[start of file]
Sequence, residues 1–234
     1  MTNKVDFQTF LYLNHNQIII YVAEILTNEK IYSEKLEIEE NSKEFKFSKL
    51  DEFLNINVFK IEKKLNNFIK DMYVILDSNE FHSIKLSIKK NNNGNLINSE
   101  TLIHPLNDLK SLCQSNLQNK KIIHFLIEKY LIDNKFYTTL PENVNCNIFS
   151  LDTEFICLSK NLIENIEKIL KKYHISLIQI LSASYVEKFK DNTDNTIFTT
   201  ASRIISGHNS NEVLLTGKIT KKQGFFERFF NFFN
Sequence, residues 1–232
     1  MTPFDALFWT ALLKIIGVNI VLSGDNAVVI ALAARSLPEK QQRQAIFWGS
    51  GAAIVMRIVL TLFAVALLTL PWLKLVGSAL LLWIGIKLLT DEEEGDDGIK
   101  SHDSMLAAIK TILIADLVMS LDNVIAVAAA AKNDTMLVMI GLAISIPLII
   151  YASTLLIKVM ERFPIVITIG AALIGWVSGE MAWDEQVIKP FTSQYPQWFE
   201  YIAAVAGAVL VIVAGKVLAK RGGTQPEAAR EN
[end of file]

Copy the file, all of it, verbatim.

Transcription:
Sequence, residues 1–234
     1  MTNKVDFQTF LYLNHNQIII YVAEILTNEK IYSEKLEIEE NSKEFKFSKL
    51  DEFLNINVFK IEKKLNNFIK DMYVILDSNE FHSIKLSIKK NNNGNLINSE
   101  TLIHPLNDLK SLCQSNLQNK KIIHFLIEKY LIDNKFYTTL PENVNCNIFS
   151  LDTEFICLSK NLIENIEKIL KKYHISLIQI LSASYVEKFK DNTDNTIFTT
   201  ASRIISGHNS NEVLLTGKIT KKQGFFERFF NFFN
Sequence, residues 1–232
     1  MTPFDALFWT ALLKIIGVNI VLSGDNAVVI ALAARSLPEK QQRQAIFWGS
    51  GAAIVMRIVL TLFAVALLTL PWLKLVGSAL LLWIGIKLLT DEEEGDDGIK
   101  SHDSMLAAIK TILIADLVMS LDNVIAVAAA AKNDTMLVMI GLAISIPLII
   151  YASTLLIKVM ERFPIVITIG AALIGWVSGE MAWDEQVIKP FTSQYPQWFE
   201  YIAAVAGAVL VIVAGKVLAK RGGTQPEAAR EN